6 Steps to Test a New Adhesive on Core Materials

25.10.13 08:43 PM By gdc-corelite

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In the composites the world, almost all of us use some sort of adhesive or resin in our manufacturing process. Due to this, there is a huge variety of adhesive/resin options available to us.


When desiring to use a different adhesive product on core materials, it is very important to do proper testing before using that new adhesive on the entire process. For this purpose, we provide 6 brief steps to properly test the possible use of a new resin(s) in your manufacturing process:


  1. Proper Technical Analysis: This applies material properties analysis applies to both; the resins (old and new) and the core material that will be bonded. This step is crucial as it provides you with materials' compatibility pre-analysis and possible chemical reactions that are necessary to ensure safety and reliability. We want to make sure that the new resin will bond the materials in a strong and proper manner for the long-term, so any previous history of material compatibility will be useful in this analysis.
  2. Bonding Test: Apply some of the new resin to be used on a small area of the core material. The small are could be 4” x 4” or 6” x 6” (you can also apply it to a full piece). The goal here is to see if the new adhesive strongly bonds the core material and observe possible resin absorption issues (to reduce resin absorption, balsa wood core can come in the coated configuration). You can opt to wait for up to 72 hours in this step or next step to see if the bonding was done as intended.
  3. Environmental Test: Once the product has been bonded properly with the new resin, it is important to test in all the environmental conditions your product could possibly be used. This will give you a better picture on how effective the new resin actually is for your particular application. For example, some resins may not perform well when exposed to water. Some resins may increase the rigidity of the structure, while others increase flexibility. It all comes down to the point of what is the purpose of your application and where will it be exposed.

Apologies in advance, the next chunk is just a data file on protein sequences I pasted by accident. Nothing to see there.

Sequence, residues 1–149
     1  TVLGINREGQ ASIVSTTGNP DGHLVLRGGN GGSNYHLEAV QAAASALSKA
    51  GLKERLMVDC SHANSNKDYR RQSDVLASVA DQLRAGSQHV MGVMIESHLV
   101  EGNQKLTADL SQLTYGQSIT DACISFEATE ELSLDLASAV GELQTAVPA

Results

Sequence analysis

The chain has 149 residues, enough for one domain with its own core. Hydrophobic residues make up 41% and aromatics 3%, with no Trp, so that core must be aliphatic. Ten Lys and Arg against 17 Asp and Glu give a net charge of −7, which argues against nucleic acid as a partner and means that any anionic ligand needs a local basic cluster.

4. Wait 72 Hours (optional): This should be done in case you have had no experience or previous history with the new resin that is being tested and want to observe any possible change or reaction that may not occur immediately; but further on.
  5. Performance Comparison: This needs to be done between the old and new resin(s) that are being tested. The following questions will help you summarize what needs to be taken into consideration for the sake of comparing what is the most effective resin for you:
    1. What is the cost difference of the both resins?
    2. How much resin was used for the same bonding purpose for each resin?
    3. How strong was the core material bond with each resin?
    4. How long does it take to cure?
    5. Was there a difference in performance in different testing environments?
    6. Last, but not least, multiply the cost of the resins being compared, by the amount of resin needed for the same bonding area and purpose to see which one is lower.
  6. Decision: If the new intended adhesive performed well on the testing, then it means it is usable. However, if the new proposed adhesive performed even better than previous one and will save you money; it is a no-brainer.


This brief guide should be helpful in your analysis of switching the resin used in your manufacturing process with core materials, considering safety, performance and cost.